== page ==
Joseph Stuntz is Director of Federal @ Virtru | Washington, DC USA
Joe Stuntz is currently the Director of Federal at Virtru focused on solving Federal information sharing mission challenges. He has experience advising executives and practitioners in both Federal agencies and commercial organizations and has held leadership roles in an advisory services firm and the White House Office of Management and Budget – Office of the Federal CIO working with the Federal CISO on government-wide cybersecurity programs and policy development.
What is the Federal Data Strategy and what are its implications?
The Federal Data Strategy is bringing together a number of different efforts and initiatives in a coordinated way to better support Federal missions and the public. It consists of principles, practices and a draft action plan for the next year. There are 10 principles organized into 3 categories – Ethical Governance, Conscious Design, and Learning Culture – that inform the practices and actions over the next year. The 40 Practices in the Federal Data Strategy are designed to be goals that guide agencies and other stakeholders to constantly improve and also are broken down into three categories –
Building a Culture that Values Data and Promotes Public Use, Governing Managing and Protecting Data, and Promoting Efficient and Appropriate Data Use.
The implications of the data strategy depend a lot on the action plan and implementation by agencies. The principles and practices are excellent ways to organize agency thinking and to guide the next steps, but without prioritization and attention from agency leadership, it will be a nice directional document that lacks significant impact. Data is critical to government missions and the Strategy provides a roadmap to real improvement, but implementation and consistent execution are necessary to get there.
Why is governing, managing, and protecting data critically important for government agencies and enterprises?
Managing data is one of the most critical things that the government does. Whether it is determining the unemployment numbers that move financial markets, managing student debt or tax information or providing services to retirees, data is critical to every government mission. Just as importantly, much of this data is submitted to the government by individuals or business, not generated by the government, and therefore must be protected to preserve the trust between the government and the entity that submitted that data.
Based on this role as an aggregator of data, the challenges and opportunities for the government have changed. Regarding data protection, the government has new and different challenges with more services being online, and more criminals being technically capable and motivated to try and obtain data from those online services and the agencies that support them. But locking down that data with a security mindset, while better for protection, misses the purpose of collecting the data in the first place– which is to provide better services to the public. Through the combination of data sets and making data available to the right users in government and in the public, advances can be made that have never been possible.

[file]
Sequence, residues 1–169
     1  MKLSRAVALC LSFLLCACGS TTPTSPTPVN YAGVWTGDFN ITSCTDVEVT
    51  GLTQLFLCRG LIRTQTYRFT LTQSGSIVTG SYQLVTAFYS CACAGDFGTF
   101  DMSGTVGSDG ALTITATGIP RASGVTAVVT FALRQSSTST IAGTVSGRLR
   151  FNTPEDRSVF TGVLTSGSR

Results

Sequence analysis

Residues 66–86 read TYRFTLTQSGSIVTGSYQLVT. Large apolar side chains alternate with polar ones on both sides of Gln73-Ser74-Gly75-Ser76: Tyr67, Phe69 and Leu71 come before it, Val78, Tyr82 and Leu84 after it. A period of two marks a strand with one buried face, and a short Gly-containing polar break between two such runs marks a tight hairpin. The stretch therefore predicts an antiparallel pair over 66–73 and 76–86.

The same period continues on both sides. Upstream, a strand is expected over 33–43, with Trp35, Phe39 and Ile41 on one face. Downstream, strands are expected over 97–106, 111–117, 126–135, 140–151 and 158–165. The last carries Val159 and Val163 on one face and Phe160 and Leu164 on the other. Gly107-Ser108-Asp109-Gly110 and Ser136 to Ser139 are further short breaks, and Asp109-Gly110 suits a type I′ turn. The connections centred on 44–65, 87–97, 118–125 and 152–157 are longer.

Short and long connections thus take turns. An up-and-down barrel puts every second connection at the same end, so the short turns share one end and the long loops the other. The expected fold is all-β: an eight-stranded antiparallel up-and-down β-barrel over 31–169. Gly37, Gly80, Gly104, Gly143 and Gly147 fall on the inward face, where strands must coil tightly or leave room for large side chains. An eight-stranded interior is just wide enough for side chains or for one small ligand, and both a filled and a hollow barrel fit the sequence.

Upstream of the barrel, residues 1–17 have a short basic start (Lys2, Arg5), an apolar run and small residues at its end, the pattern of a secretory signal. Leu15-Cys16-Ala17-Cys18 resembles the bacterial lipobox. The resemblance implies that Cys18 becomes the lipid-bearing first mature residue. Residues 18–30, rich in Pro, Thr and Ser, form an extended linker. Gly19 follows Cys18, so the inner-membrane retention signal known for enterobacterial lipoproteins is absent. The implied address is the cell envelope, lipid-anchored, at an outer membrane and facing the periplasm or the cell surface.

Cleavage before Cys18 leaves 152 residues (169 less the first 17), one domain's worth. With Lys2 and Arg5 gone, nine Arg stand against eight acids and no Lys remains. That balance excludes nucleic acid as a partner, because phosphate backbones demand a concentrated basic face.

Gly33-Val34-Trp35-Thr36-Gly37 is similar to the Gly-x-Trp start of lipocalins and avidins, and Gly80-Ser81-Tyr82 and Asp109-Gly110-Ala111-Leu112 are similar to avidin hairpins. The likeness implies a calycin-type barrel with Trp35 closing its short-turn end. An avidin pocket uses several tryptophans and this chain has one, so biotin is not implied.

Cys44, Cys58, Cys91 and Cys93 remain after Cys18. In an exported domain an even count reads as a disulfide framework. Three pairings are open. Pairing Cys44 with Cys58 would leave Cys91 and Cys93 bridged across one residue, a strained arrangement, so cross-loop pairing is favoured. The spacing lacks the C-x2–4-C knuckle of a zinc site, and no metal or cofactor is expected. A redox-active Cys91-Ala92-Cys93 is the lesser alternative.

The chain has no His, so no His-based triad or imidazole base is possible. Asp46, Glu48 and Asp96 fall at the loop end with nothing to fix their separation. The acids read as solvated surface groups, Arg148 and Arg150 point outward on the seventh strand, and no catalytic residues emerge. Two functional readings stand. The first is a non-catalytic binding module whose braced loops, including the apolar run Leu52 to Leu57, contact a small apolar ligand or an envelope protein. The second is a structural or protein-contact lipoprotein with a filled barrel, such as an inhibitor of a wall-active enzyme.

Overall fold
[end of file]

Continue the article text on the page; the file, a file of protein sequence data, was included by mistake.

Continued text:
Why data strategy should not be viewed as a single policy effort?
This data strategy should not be viewed as a single policy effort or the responsibility of one agency or office. Because the use of data impacts every government mission and since every mission and agency must be involved in the protection of that data, this strategy must be seen as a part of, or an enabler of, many other policy and program efforts. Whether it is generating value from government identity attributes to reduce fraud in the private sector, or opening up health care data to enable precision medicine, this data strategy is necessary but not sufficient to help government move forward, and the integration between this strategy and other efforts is critical.
Virtru is a leading data protection platform provider that stands at the intersection of security and privacy. They help more than 5,000 organizations, large and small, across almost every industry, protect data wherever it’s created or shared so they can collaborate with confidence.
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